During the past few years, my parents and I have been talking more openly about the future of the farm on which I was raised.
“One of these days,” my dad has often said, “you’ll be in the driver’s seat when it comes to running things.”
Bit by bit, Dad has taught me what he knows. A fourth-generation farmer, Dad has a wealth of knowledge to share–about planting, harvesting, marketing, buying and selling land. Perhaps the greatest thing my parents have taught me, though, is that the land on which they’ve made a living is something to be cherished. When my ancestors immigrated from Ireland, they discovered rich soil in Central Illinois and chose to settle here–a decision that has continued to shape how my parents and many others in my extended family have lived their lives. Certain fields are reminders of the sacrifices that Mom and Dad made at different points in their marriage, plans and dreams they had for building their operation and creating a more secure future for our family.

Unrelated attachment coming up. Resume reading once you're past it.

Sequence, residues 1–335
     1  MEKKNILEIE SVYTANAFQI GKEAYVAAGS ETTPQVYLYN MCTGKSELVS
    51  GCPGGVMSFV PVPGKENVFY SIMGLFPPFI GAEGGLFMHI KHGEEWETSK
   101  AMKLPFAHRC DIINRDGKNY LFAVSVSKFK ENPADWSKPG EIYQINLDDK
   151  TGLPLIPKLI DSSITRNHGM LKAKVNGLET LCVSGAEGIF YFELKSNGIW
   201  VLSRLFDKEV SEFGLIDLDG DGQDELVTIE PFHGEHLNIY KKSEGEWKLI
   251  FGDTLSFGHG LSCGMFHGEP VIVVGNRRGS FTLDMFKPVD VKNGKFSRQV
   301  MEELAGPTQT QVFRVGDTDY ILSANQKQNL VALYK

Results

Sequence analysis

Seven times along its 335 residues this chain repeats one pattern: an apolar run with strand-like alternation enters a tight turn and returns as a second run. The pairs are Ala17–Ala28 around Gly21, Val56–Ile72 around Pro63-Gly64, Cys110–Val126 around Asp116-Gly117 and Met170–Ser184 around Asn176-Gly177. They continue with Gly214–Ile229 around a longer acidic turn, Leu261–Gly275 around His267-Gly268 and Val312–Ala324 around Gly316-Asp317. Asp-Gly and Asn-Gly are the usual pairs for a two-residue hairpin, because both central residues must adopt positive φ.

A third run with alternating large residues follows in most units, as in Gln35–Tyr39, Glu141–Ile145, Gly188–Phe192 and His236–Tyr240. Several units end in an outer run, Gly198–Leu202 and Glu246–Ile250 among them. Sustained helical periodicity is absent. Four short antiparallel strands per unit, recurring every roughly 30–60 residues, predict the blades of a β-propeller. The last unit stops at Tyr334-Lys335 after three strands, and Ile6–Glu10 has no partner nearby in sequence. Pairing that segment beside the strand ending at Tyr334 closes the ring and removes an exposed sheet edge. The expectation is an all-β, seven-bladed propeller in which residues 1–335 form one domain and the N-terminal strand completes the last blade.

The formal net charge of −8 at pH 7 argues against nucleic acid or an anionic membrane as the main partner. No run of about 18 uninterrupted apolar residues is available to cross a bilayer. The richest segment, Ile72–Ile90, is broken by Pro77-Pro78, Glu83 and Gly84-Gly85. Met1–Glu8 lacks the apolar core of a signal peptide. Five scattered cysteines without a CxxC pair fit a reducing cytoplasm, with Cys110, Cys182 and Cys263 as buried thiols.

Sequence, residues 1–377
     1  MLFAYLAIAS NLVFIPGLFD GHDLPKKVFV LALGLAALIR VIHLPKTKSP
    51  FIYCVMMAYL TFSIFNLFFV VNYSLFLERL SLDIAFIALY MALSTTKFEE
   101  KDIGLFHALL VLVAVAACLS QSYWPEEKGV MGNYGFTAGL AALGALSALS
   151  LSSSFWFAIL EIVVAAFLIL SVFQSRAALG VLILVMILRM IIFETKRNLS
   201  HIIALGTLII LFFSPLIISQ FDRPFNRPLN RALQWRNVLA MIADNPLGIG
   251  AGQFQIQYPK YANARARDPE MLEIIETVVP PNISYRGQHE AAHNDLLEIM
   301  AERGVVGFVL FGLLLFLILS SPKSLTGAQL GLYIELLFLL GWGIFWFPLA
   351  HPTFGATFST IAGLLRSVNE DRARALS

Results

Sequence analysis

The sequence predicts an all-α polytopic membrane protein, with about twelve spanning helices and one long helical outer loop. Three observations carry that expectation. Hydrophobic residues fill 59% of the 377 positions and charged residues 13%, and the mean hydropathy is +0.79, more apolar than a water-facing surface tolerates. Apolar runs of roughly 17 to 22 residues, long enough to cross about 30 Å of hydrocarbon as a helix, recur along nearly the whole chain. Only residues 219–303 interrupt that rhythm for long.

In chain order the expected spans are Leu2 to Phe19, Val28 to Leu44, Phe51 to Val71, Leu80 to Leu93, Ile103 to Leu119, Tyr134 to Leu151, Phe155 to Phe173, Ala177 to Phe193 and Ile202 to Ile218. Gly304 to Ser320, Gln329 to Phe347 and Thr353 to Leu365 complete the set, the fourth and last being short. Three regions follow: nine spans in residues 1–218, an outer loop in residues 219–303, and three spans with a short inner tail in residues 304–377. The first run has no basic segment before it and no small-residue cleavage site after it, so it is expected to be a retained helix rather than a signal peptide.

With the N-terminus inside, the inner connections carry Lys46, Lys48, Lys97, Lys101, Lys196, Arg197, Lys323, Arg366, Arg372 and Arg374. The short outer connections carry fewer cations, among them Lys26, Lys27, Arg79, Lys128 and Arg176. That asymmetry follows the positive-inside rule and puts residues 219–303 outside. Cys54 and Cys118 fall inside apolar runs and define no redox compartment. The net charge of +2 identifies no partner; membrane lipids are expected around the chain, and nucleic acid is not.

As Dad and Mom have shared their wisdom and memories, I have drunk in their stories and know-how. And I have thought about how my life will change when, one day, I am involved directly in the business of farming. As well as how much my life will represent another chapter in the history of our family.
What I hadn’t considered, though, was how soon this change might occur. Four weeks ago, Dad showed up at the local ER with Congestive Heart Failure. On the same day, Mom was transferred to the nursing home with a host of physical problems and increasing dementia. Neither Mom nor Dad seems to be bouncing back, and I am scared that my responsibilities on the farm might come “sooner” rather than “later.”
I pray that we’ll all have more time together. And that when the moment arrives for me to step up and take charge, I will do my parents–and all those who came before–proud.